A State plan for medical assistance must . . . for determining eligibility for . . . medical assistance under the [Medicaid] plan . . . provide for taking into account only such income . . . as [is], as determined in accordance with standards prescribed by the Secretary, available to the applicant or recipient. . . .
[ 42 U.S.C.A. § 1396a(a)(17)(B) (emphasis added).]
However, Congress amended the Medicaid Act in 1988 to authorize states to adopt less restrictive income qualifications than those adopted by the Secretary of HHS:
The methodology to be employed in determining income . . . eligibility for [medically needy] individuals . . . may be less restrictive, . . . than the methodology[,] . . . in the case of groups consisting of aged, blind, or disabled individuals, under the supplemental security income program. . . .
[ 42 U.S.C.A. § 1396a(r)(2)(A)(i) (emphasis added).]
Therefore, G.E. was eligible for Medicaid benefits only if the payments to V.E. under the support order were not "available income" to him under either (1) regulations adopted by the Secretary of HHS pursuant to 42 U.S.C.A. § 1396a(a)(17)(B), or (2) regulations adopted by the Director of the New Jersey Division of Medical Assistance and Health Services pursuant to 42 U.S.C.A. § 1396a(r)(2)(A)(i).
The Secretary of HHS exercised her authority under 42 U.S.C.A. § 1396a(a)(17)(B) by adopting a regulation which requires the inclusion of funds that an applicant must use to satisfy support obligations as "available income" for the purpose of determining SSI, and hence also Medicaid eligibility, even though those funds cannot be used to offset the applicant's living expenses:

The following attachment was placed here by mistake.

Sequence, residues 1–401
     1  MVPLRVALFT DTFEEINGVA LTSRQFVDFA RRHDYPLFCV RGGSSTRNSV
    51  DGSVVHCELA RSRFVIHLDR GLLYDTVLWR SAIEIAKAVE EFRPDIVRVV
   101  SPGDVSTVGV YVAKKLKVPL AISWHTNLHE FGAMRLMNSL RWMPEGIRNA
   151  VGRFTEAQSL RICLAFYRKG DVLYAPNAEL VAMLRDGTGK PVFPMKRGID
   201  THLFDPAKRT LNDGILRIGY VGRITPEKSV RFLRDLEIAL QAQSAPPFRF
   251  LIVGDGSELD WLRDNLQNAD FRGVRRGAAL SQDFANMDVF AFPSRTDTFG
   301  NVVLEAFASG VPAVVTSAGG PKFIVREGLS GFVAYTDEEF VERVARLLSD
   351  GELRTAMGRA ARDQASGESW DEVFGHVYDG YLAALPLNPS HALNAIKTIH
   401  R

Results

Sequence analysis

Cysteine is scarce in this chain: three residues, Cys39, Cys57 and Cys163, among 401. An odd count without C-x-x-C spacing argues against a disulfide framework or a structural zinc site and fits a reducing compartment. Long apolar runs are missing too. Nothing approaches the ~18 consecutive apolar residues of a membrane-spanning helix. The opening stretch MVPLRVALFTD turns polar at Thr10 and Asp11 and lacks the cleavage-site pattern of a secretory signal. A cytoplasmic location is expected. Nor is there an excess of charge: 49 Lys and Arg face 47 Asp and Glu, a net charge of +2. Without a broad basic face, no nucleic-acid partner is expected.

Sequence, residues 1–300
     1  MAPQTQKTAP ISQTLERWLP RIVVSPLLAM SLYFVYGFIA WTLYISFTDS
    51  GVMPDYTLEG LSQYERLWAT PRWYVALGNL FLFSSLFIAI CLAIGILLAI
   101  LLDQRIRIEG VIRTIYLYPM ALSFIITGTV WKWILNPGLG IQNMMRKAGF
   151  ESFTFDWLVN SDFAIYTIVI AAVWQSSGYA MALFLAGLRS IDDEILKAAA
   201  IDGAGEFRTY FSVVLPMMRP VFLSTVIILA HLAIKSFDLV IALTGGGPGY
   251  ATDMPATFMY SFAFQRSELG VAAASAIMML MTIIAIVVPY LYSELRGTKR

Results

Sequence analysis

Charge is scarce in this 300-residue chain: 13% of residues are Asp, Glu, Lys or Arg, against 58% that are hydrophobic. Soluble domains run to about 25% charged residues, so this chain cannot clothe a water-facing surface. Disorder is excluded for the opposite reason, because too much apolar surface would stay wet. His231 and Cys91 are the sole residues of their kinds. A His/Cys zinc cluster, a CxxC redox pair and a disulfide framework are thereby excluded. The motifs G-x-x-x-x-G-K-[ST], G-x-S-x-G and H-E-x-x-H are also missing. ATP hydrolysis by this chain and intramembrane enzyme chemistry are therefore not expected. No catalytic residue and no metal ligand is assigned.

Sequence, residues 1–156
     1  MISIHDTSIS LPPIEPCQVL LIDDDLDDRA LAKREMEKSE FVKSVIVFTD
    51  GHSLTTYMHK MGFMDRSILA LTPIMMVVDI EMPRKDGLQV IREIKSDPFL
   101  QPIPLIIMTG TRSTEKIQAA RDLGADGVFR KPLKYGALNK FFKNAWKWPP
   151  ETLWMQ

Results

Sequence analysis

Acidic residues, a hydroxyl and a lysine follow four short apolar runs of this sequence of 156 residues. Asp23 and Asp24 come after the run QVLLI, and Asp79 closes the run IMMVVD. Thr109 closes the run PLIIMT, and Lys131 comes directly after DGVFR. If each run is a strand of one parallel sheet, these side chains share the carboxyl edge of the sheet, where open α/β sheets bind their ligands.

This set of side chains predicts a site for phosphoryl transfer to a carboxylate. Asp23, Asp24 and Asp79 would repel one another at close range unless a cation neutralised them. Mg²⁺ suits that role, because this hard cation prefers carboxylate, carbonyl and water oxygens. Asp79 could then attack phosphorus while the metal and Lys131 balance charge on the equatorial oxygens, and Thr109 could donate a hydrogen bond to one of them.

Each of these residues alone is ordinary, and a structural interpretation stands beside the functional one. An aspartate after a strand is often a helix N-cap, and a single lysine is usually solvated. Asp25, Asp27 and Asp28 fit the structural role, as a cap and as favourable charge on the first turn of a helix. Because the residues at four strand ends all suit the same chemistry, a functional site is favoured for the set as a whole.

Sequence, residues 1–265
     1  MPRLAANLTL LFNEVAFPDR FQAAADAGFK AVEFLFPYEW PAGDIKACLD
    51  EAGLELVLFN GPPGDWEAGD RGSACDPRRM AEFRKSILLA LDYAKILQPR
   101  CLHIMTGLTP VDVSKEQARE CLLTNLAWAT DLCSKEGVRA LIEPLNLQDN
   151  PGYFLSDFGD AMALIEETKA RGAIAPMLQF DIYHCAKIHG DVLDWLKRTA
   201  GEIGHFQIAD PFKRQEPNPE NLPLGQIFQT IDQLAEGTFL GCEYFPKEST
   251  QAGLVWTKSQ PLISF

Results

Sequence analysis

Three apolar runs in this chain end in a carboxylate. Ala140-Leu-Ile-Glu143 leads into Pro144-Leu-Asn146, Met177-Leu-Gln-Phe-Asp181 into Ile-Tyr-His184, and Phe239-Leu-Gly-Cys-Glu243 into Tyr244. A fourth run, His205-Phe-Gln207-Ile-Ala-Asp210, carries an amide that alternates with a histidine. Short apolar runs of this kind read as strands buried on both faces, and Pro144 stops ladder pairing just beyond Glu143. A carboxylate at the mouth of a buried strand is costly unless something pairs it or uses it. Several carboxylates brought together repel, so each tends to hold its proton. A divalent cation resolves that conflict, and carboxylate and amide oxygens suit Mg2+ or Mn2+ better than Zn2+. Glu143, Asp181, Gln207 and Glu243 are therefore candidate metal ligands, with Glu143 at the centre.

We may include more or less of your unearned income than you actually receive.
. . . .
We . . . include more than you actually receive if amounts are withheld from unearned income because of a garnishment, or to pay a debt or other legal obligation. . . .
The definition of "available income" in 20 C.F.R. § 416.1123(b)(2), which was adopted in 1991, 56 Fed.Reg. 3209, 3212 (Jan. 29, 1991), retains substantially the same language as its predecessors. See, e.g., 47 Fed.Reg. 13792, 13794 (Apr. 1, 1982). In fact, HHS has considered income which is subject to garnishment as "available" to an applicant for purposes of determining SSI eligibility since at least 1976. Cervantez v. Sullivan, 963 F.2d 229, 232 n. 6 (9th Cir. 1992). However, prior to 1991 HHS had not consistently treated such income as "available" for the purpose of determining Medicaid eligibility. See Himes v. Shalala, 999 F.2d 684, 690-91 (2d Cir. 1993).
In response to a public comment received prior to the adoption of this regulation, the Secretary of HHS clearly indicated that HHS's definition of "available income" was intended to reach applicants such as G.E.: